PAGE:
For example, a housing supply shortage in New York City has literally no impact on whether someone can find a house to buy in Texas. While general national trends can hold true for even a majority of cities at any given time, each city is its own market with its own dynamics.
This is especially true right now because the pandemic has impacted each city differently. New York City is the global epicenter of the pandemic, while markets in Texas have been significantly less impacted. Any rosy national housing market data is likely understating the problem in New York City, and any dire data is probably overstating issues in Texas.
This time is not last time
Part of the reason it may feel somewhat dissonant for the housing market to be relatively stable right now — given, you know, everything — is what happened during the last big economic downturn. Prices fell by more than 30 percent during the Great Recession, and millions of people lost their homes. But this is not that.
Last time, the problem was housing — there was too much credit, people were getting mortgages they couldn’t afford, and there was a big housing bubble that eventually popped. The scenario is different now: Credit is much tighter, meaning people who own and buy homes are likelier to be able to afford it.
“Credit tightening has been targeted,” said Tobias Peter, director of research at the AEI Housing Center.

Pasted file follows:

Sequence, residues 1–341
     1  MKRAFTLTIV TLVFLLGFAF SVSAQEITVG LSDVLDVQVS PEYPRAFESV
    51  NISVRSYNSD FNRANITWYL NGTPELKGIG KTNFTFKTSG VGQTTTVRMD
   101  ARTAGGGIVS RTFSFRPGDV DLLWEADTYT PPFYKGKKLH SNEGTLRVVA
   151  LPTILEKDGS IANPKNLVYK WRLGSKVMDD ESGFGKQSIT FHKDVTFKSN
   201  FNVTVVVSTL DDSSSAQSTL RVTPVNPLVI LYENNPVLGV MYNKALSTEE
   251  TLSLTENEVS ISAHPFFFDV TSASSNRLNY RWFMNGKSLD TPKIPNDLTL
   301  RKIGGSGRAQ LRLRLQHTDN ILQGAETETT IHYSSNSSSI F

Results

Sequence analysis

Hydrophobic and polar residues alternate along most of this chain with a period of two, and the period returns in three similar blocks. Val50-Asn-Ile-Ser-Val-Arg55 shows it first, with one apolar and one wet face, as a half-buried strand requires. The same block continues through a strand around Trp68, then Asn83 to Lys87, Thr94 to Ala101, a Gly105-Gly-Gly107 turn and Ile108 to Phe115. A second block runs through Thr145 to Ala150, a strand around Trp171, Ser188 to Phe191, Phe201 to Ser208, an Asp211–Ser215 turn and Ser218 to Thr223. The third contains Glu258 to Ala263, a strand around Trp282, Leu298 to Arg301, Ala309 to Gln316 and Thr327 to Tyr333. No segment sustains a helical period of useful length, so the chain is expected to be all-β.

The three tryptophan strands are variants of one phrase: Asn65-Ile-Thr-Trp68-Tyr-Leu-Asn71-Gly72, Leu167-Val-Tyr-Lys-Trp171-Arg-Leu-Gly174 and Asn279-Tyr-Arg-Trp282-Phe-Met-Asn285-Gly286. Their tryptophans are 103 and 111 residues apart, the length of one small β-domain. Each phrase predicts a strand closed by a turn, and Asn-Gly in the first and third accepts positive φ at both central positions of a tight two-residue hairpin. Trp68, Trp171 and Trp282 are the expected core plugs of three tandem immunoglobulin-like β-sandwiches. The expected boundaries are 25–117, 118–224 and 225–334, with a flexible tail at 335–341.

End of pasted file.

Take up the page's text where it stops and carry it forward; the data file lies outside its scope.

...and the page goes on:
“We all know that under stress, borrowers who are the weakest are the first to get foreclosed,” Pinto said. “You’re not doing someone a favor by getting them into a home in a period of stress. Once the market really bottoms — and we’re not going to know that for many, many months, could be a year — that’s when you want the market to be more available to those borrowers. You want them getting in on the upswing, not the downslope.”
Government action has played an important role in this. The Coronavirus Aid, Relief, and Economic Security (CARES) Act, the $2.2 trillion stimulus bill signed into law in late March, puts in place protections for homeowners with federally backed mortgages. It prohibits lenders of those types of mortgages from foreclosing on homeowners until at least June 30, and it gives homeowners the right to request forbearance on their mortgages — meaning a pause on paying them — for 180 days. They can also request another 180-day extension.
“Forbearance has stopped defaults; otherwise, we would have seen a wave of defaults,” said Susan Wachter, a professor of real estate at the Wharton School at the University of Pennsylvania.
The Federal Reserve has announced that it will buy unlimited amounts of mortgage-backed securities, which has stabilized the housing market as well. That’s helped keep interest rates low, and some homeowners have decided to take advantage and refinance.